Are Norse Gods Evil? (Are Norse Gods Considered Good or Bad?)

When Marvel released Thor, I was excited. Like many, I booked a ticket and enjoyed it at the cinema. However, the movie got me thinking, “Were the Norse good or evil?” Curious, I scoured the internet for answers.

Additionally, I picked up a few books on Norse mythology to compare sources and even jumped on some forums. This information came in handy when I taught a theology class on ancient religions.

A student asked if Norse gods were evil. I relied on my research and theological background to answer her question. Afterward, I decided to share what I learned with others.

So, are Norse gods evil?

The Bible doesn’t mention the Norse gods. It does, however, warn believers against idolatry. In contrast, history references Norse gods severally. They’re the stuff of legends. However, historians don’t categorize Norse gods as good or evil. They believe these gods were complex characters who acted in their own interest. As such, they were good when it favored them.

Join me in exploring this topic. I’ll discuss the origin of Norse mythology and whether the Norse gods were good or evil. Let’s get started.

Where did the myth of Norse gods come from?

The myth of the Norse gods began as an oral tradition passed down among the Vikings and other Scandinavian groups. Historians believe these stories date back to the 5th century AD.

The earliest written records of these myths are the Prose Edda and Poetic Edda, which date back to the 13th century.

These records contain the genealogies of the Norse gods and the creation myths. According to these stories, in the beginning, there was a land of ice and fog in the north and a land of fire in the south.

In the middle was a void. Embers from the south mixed with the mist from the north to form the first frost giant (Ymir) and a cow.

Ymir fathered other frost giants, who relied on the cow’s milk for food. The cow nourished herself by licking a salt block. Unknown to her, this block contained a giant called Buri, whom she freed. Buri fathered Bor, who fathered Odin, Vili, and Ve.

These brothers became the first Norse gods, and together, they created the world and the first people, Ask and Embla.

Were there any good gods in Norse mythology?

Are Norse Gods Considered Good or Bad?
Were there any good gods in Norse mythology? Image source: Pixabay

Historians have difficulty concluding if Norse gods were entirely good or evil. They acted in their interest, which could sometimes benefit their worshippers. However, most agree that the kindest Norse god was Baldr.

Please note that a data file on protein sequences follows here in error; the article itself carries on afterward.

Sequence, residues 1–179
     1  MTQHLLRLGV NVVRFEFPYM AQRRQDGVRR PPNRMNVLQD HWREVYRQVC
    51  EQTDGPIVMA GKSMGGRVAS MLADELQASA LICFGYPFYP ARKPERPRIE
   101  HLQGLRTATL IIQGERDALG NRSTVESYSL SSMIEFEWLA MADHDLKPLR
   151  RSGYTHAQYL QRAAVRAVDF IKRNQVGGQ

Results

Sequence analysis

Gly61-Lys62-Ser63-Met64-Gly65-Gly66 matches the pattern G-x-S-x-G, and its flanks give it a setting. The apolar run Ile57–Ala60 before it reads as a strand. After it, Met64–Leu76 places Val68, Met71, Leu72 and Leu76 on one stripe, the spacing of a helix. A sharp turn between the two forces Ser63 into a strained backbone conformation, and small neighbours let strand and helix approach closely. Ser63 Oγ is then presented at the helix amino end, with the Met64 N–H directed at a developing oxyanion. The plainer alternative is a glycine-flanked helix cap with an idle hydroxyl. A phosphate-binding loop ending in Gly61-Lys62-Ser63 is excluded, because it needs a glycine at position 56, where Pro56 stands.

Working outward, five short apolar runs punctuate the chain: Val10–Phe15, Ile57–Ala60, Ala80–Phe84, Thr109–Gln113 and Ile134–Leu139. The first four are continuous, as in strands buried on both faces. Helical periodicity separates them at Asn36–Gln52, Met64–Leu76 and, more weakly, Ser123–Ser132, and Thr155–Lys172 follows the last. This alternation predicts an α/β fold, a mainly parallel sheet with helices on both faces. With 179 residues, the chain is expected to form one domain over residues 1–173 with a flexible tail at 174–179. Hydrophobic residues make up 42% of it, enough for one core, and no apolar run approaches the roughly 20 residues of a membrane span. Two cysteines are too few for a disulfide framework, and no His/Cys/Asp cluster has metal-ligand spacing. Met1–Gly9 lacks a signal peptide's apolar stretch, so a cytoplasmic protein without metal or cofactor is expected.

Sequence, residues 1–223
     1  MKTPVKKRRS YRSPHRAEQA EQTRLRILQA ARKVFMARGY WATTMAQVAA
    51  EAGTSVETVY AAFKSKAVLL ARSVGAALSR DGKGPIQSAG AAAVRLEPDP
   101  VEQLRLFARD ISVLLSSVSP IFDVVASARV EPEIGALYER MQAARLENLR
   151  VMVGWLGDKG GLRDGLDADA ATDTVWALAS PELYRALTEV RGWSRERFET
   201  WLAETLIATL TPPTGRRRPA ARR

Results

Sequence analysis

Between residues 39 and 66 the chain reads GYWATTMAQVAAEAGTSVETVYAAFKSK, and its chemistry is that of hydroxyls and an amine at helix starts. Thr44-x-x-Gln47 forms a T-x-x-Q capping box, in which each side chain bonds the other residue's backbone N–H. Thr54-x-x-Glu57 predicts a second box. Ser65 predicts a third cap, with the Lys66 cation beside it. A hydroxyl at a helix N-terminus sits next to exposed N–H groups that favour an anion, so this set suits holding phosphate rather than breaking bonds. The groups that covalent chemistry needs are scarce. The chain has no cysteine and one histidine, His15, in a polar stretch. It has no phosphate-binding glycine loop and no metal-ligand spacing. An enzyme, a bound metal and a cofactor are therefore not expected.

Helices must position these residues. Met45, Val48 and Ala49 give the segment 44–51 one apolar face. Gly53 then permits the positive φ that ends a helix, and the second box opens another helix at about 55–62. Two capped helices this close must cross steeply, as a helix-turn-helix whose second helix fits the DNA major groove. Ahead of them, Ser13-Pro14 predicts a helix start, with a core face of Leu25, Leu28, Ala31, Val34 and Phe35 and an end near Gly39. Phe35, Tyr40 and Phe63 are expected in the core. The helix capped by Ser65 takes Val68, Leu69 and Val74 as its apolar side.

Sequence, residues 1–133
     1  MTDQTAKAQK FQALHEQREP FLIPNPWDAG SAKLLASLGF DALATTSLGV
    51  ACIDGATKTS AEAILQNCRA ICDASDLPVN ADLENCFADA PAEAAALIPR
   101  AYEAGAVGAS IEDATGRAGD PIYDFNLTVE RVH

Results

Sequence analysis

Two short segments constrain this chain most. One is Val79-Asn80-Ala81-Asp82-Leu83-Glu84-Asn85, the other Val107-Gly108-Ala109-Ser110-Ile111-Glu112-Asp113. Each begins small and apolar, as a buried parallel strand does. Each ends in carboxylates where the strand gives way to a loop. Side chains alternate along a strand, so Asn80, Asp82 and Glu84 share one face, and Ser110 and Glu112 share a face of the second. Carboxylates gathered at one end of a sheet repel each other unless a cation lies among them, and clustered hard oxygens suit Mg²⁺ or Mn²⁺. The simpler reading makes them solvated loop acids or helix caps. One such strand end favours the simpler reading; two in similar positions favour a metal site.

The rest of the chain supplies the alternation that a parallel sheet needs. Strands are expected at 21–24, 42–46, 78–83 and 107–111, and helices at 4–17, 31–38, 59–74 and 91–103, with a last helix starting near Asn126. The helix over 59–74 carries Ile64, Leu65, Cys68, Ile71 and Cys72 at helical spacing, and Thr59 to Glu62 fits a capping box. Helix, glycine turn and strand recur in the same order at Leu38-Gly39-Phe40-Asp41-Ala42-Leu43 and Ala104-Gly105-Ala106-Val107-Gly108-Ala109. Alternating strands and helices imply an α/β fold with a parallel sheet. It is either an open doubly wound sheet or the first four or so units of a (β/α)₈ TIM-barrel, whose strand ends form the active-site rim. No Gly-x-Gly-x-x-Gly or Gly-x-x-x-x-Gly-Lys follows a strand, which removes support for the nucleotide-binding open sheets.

According to the myths, Baldr was the son of Odin and Frigg. He was described as a just and wise god. Naturally, he was loved by all the gods, which attracted Loki’s jealousy.

To protect him, Frigg got all entities to promise they wouldn’t harm Baldr. However, she overlooked the mistletoe, and Loki got wind of this.

Loki dipped an arrow in mistletoe and tricked the blind god Hod to shoot the arrow at Baldr during a contest. Baldr died instantly and was transported to the Underworld.

Odin approached the goddess of the Underworld, begging her to release Baldr. Hel (the goddess of the Underworld) agreed on one condition: the whole world must weep for Baldr.

Loki didn’t want Baldr resurrected, so he disguised himself as a giantess and refused to cry for Baldr, effectively stopping his resurrection.

Were there any evil gods in Norse mythology?

Are Norse Gods Evil? 
Were there any evil gods in Norse mythology? Image source: Pixabay

As mentioned, historians believe the Norse gods acted for their benefit. As such, they were evil when it served them.

For instance, Odin was believed to influence the outcome of a battle so he could fill Valhalla with strong warriors in preparation for Ragnarok. Some believe Odin’s appetite for war makes him evil.

Who is the most evil god in Norse mythology?

Most historians believe Loki was the most evil god in Norse mythology. According to the myths, Loki was the trickster god responsible for the death of Baldr.

Furthermore, in the stories, Loki and his children side with the giants during Ragnarok. In fact, in the myths, Loki captained Naglfar, a ship that brought giants to fight the gods.

The story ends with Heimdall killing Loki.

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